There’s a metaphor I like to use when talking to fellow activists. I ask them to imagine two fires. The first is a campfire in an opening in the woods. The fire is warm and bright and draws people toward it. They are eager to find a place around the fire, and their beautiful faces glow in the reflected light. They feel good. There is nowhere they’d rather be. The second is a forest fire. It blazes hot and out of control, everyone – people and animals alike – flees.

Each of us has a fire inside of us. It is the fire of our passions and our beliefs, and all of us who are activists know it well. It is the fire that spurs us to learn about what is happening on our planet -- to people, animals, and the environment -- and it is the fire that spurs us to action to solve the crises we face and challenge the atrocities that still pervade our world. It is often a blazing hot fire. And sometimes, when we have burned out, it is a barely glowing ember. (There is a reason for the term “burned out” after all.)

As change agents, we have a choice about what sort of fire we will be. Will we be the warm campfire that draws people towards us so that we can share what we know and inspire others to make a difference, or will we be the forest fire that rages too hot, causing people to run from us? This is one of the most important questions we can ask ourselves because the fire we cultivate makes an enormous difference in our effectiveness as changemakers.

But as we know, fire is not static, so whatever fire you have been or are today is subject to change. Fires die out if we don’t add fuel, and the sparks that fly off of them can ignite infernos if we add too much fuel too quickly. As change agents, we must seek that perfect balance, adding enough fuel in the form of knowledge and resources to burn just hot enough to ignite change without igniting a conflagration. We will know if our fire needs more fuel if we are not doing the work that must be done and aren't inspiring others to join us, and we will know if we need to let up on the fuel if people avoid us. If we’ve been activists for a long time, we may have noticed that our fiery youth has diminished too much. If we are new to changemaking, we may need to take great care in cultivating our fire so it doesn’t burn too hot.

Tend your fire carefully. The world needs you to burn just right.

Zoe Weil, author of Most Good, Least Harm and Above All, Be Kind

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Changemaker Leo Babauta: Going Car-Free

Simplicity guru Leo Babauta has a nice post on his Zen Habits blog sharing his family's choice (he, his wife and 6 kids) to go car-free since their move to the San Francisco area. One of the most useful elements of the post (since there have been plenty of posts & books about living a car-free life) is Babauta's reframing as strengths the issues many people see as limitations (and thus as justification for keeping our cars). He outlines the strengths in dealing with the weather, the longer commute time, the potential inconvenience, the need to access essentials like groceries, and the challenge in "doing stuff that's not close."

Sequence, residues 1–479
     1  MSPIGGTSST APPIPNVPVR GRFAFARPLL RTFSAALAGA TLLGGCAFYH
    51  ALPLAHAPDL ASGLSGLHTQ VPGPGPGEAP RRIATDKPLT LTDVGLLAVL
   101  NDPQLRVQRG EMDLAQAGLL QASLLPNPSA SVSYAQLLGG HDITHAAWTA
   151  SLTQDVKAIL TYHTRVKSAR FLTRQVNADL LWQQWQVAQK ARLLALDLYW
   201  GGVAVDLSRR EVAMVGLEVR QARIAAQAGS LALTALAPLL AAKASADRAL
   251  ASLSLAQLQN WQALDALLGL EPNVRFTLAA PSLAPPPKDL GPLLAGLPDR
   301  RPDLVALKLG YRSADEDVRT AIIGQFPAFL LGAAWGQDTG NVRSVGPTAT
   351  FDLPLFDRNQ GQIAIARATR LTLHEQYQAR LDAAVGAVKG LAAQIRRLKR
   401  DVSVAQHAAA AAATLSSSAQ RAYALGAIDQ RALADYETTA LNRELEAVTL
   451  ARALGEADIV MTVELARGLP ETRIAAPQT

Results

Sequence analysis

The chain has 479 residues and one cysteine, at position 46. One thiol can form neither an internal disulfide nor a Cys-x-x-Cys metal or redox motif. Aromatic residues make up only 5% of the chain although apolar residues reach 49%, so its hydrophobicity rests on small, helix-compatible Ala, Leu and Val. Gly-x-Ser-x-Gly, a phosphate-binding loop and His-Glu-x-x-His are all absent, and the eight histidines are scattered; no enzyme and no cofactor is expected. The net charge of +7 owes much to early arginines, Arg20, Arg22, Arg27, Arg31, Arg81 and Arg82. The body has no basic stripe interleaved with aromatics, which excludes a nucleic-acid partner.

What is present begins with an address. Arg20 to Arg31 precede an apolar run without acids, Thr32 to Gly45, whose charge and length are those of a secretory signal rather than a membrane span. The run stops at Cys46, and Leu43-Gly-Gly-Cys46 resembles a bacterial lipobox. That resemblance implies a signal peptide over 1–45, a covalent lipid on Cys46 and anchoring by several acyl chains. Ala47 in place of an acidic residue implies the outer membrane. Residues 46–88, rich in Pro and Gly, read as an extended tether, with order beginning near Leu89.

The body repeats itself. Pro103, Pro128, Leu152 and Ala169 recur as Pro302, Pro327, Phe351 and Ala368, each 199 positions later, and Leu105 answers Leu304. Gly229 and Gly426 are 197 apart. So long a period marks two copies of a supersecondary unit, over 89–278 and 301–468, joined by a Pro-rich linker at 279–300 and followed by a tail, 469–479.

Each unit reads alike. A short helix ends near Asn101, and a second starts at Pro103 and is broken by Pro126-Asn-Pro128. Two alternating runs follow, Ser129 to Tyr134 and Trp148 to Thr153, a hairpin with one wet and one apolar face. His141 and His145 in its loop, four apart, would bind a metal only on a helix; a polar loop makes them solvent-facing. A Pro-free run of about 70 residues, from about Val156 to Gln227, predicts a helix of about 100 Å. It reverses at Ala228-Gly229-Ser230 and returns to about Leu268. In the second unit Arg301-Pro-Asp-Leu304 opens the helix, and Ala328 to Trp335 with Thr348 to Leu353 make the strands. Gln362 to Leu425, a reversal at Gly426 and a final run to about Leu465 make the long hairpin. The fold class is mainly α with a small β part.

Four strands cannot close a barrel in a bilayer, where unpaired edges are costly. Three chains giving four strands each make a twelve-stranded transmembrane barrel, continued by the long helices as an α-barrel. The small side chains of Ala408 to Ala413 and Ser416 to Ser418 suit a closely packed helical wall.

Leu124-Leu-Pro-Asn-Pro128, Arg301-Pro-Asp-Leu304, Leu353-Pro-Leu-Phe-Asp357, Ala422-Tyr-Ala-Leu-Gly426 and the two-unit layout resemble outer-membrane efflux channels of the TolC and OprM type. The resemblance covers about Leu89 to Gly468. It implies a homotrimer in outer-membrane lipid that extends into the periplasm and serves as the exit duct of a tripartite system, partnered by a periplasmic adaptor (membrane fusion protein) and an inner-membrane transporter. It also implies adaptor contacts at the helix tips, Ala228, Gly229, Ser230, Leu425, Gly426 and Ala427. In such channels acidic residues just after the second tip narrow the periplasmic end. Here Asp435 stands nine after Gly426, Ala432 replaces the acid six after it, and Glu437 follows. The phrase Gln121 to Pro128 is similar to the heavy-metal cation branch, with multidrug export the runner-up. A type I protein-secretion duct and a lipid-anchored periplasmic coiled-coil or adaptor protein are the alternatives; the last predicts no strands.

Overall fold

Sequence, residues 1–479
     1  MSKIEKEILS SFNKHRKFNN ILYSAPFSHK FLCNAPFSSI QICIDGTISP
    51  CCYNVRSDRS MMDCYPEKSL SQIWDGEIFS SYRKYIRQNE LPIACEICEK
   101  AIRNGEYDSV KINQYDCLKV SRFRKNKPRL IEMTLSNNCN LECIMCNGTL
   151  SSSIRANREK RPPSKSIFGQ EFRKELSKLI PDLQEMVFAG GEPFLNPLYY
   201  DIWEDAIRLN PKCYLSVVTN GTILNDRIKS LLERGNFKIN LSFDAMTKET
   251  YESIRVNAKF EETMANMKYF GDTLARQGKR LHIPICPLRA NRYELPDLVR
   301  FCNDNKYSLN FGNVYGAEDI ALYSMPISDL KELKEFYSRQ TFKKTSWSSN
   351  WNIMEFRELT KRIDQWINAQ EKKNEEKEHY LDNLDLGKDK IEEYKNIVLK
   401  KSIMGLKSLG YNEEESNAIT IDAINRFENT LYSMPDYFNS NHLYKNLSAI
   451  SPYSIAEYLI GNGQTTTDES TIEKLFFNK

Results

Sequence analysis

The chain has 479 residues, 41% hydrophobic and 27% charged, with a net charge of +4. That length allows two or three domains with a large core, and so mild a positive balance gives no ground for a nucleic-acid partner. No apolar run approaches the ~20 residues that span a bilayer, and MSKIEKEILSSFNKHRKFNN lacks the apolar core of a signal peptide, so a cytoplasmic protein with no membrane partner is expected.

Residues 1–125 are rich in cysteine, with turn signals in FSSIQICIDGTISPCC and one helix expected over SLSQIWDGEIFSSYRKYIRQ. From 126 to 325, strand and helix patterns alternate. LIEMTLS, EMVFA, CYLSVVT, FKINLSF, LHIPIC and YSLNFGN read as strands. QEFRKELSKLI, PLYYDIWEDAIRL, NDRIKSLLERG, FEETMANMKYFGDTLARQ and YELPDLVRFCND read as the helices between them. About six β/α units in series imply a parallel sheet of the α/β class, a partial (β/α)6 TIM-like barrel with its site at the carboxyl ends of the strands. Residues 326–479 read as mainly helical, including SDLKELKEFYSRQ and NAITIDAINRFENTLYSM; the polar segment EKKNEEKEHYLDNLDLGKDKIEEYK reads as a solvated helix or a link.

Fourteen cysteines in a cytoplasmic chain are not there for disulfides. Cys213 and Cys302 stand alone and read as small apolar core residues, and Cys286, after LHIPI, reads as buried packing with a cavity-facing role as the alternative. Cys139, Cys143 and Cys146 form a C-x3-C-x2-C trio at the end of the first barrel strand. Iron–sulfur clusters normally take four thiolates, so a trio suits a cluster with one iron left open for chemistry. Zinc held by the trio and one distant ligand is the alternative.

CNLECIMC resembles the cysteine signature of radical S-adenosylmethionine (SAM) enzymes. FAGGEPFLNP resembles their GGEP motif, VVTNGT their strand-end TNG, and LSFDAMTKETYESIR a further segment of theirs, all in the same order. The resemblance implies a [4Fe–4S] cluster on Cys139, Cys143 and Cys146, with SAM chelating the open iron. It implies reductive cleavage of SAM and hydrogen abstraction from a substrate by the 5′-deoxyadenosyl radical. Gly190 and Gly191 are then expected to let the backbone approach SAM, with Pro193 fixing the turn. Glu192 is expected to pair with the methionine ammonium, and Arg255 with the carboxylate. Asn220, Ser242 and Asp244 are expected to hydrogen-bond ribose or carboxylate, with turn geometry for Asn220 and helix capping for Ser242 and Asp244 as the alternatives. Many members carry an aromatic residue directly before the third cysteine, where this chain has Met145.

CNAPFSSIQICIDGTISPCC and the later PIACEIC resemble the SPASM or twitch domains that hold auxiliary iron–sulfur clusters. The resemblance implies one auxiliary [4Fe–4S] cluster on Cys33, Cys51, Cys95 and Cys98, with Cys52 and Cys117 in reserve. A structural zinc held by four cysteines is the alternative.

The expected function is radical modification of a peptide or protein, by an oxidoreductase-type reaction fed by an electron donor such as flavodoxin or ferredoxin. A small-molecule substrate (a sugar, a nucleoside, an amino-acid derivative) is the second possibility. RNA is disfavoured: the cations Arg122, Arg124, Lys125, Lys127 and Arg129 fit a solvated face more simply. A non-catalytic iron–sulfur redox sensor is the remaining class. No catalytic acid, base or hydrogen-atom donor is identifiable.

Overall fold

Certainly a car-free lifestyle isn't possible for everyone, but all of us can find wisdom and inspiration here in reducing our reliance on cars.

~ Marsha

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Students Speaking Out: "Love Letter to Albuquerque Public Schools"

I know we just posted a video clip featuring high school students rocking spoken word poetry, but I recently came across another terrific clip that's education-specific. It's a "Love Letter to Albuquerque Public Schools," a 2-minute performance by 4 students, and it's an amazing, visceral punch in the stomach to traditional education. It's a clarion cry for reform from passionate, talented, insightful students who are tired of being trapped in a broken system. Just a couple excerpts:

"No need for creativity here. Just fill in bubbles.....Regurgitate everything you've learned onto the answer sheet."

"When we're finally allowed to break away from our designated seats, we stretch our limbs in all directions. Our fists feeling FREE. Tuck that F-word into your file folder."

Check it out:

~ Marsha

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Humane Issues in the News...

Each week we post links to news about humane education & humane living, and items connected to humane issues, from human rights to environmental preservation, to animal protection, to media, consumerism and culture.

An interview with Jane Goodall (via NY Times) (11/15/10)

Lead found in some reusable grocery bags (via USA Today) (11/15/10)

"Class turns social consciousness into business plan" (via (11/14/10)

Change in political party in power means setbacks for animal welfare in Britain (via The Independent) (11/13/10)

Elementary students take on cafeteria waste (via Treehugger) (11/12/10)

Fast food companies to help write UK health policy (via The Guardian) (11/12/10)

Nearly 1,000 pigs starve to death after being abandoned on PA farm (via Public Opinion) (11/11/10)

Blood diamonds still abound; stronger measures needed (commentary) (via Project Syndicate) (11/11/10)

Assessment shows threat to millions from toxic pollutants (via Common Dreams) (11/11/10)

"Teaching war" (blog) (via Edutopia) (11/11/10)

More nations adopting U.S.-style of eating are finding increase in obesity (via Treehugger) (11/11/10)

"A girl, a school & a hope" (commentary) (via NY Times) (11/10/10)

"Matching kids with adults who live their dream" (via Christian Science Monitor) (11/8/10)

"The turf war for tots" - TV marketers vie for the attention & loyalty of preschoolers (via Wall Street Journal) (11/8/10)

Keep up with more humane issues in the news via our Facebook or Twitter pages.

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Humane Educator's Toolbox: The Otesha Book